The volume discusses the legal interpretation and implementation of the three pillars of the Treaty of the Non-Proliferation of Nuclear Weapons, 1968, regarding the non-proliferation of nuclear weapons; the right to develop research, production and use of nuclear energy for peaceful purposes; and issues relating to nuclear disarmament. It examines the status of international law regarding nuclear capacity, considering competing legal approaches to the development of nuclear technology, non-proliferation, disarmament and regulating nuclear weapons within a contemporary international context. This second Volume in the book Series on Nuclear Non-Proliferation in International Law discusses the legal interpretation and implementation of verification and compliance with the Treaty of the Non-Proliferation of Nuclear Weapons, 1968; the Comprehensive Nuclear Test-Ban Treaty, 1996; and the Treaty establishing the European Atomic Energy Community (EURATOM), 1957. It specifically examines the question, contested in recent academic writings, whether the International Atomic Energy Agency (IAEA) is competent to verify not only the correctness, but also the completeness of national declarations. Topical legal issues of verification and its technical and political limits as well as peaceful settlement of disputes and countermeasures are discussed in-depth.
The end of the Intermediate-Range Nuclear Forces Treaty
Russian president, Vladimir Putin, held his yearly ‘State of the Union’ to the Russian federal assembly on Wednesday 20 February 2019. In his speech he addressed the recent tensions between the United States and Russia, following the suspension of the Intermediate-Range Nuclear Forces Treaty (INF-treaty) dating from 1987. Putin said that Russia will not hesitate to deploy new nuclear weapons targeting the United States if the United States deploy such weapons in Europe. Russia has no intentions of deploying these weapons first, but feels forced to do so if the United States continue to place weapons in Europe, namely in Romania and Poland.Read more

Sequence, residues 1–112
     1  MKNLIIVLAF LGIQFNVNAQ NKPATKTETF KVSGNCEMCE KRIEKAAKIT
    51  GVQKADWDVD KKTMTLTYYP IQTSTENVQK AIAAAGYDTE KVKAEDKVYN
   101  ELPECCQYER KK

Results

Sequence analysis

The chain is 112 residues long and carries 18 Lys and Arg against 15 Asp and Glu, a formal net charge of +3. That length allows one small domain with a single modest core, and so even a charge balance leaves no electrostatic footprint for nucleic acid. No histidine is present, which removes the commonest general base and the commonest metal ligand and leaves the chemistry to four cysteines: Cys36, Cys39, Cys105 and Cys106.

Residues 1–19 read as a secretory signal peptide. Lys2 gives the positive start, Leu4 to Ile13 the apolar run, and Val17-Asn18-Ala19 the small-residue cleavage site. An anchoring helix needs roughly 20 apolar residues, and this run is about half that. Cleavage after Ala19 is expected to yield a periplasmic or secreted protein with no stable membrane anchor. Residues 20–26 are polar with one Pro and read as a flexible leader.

U.S. Nuclear Strategy
30 January 2018, U.S. President Trump, during his State of the Union speech, called for a nuclear arsenal “so strong and powerful that it will deter any acts of aggression.”
The President made clear that his first priority is to protect the United States, allies, and partners. The 2018 Nuclear Posture Review (2018 NPR) lays out important policy changes with regard to U.S. nuclear weapons. The renewal of its nuclear forces will have huge implications for the security of the country and its allies, its public finances and the salience of nuclear weapons in global politics. While the United States has continued to reduce the number and salience of nuclear weapons, others, including Russia and China, have moved in the opposite direction.Read more
The Washington Naval Treaty: Averting the Allied Arms Race
The 1916 US Naval Act and its 1918 proposed expansion triggered a Naval Arms Race between it and it’s allied nations of Great Britain and Japan.Read more
Finally, the United States Government invited the principal naval powers to a conference to discuss the situation and end the Naval Arms Race.
A bold opening suggestion from the US government resulted in the scrapping and halting of most naval capital ships.
The Washington Naval Treaty signed on the 6th of February 1922
Nuclear Deal, Sanctions, Nuclear Diplomacy
After nearly two years of arduous negotiations a comprehensive agreement on the nuclear program of Iran was signed in Vienna on 14 July 2015. In exchange for reducing Iran’s nuclear activities drastically, the United States and the European Union would lift their nuclear-related sanctions on the Iranian economy. Most countries and international organizations welcomed the agreement. Will U.S. President Obama be remembered as initiator of this ‘historic’ deal? The Joint Comprehensive Plan of Action (JCPOA) is a nuclear agreement signed in Vienna on 14 July 2015 between Iran, the P5+1 (the five permanent members of the United Nations Security Council—China, France, Russia, United Kingdom, United States—plus Germany), and the European Union.Read more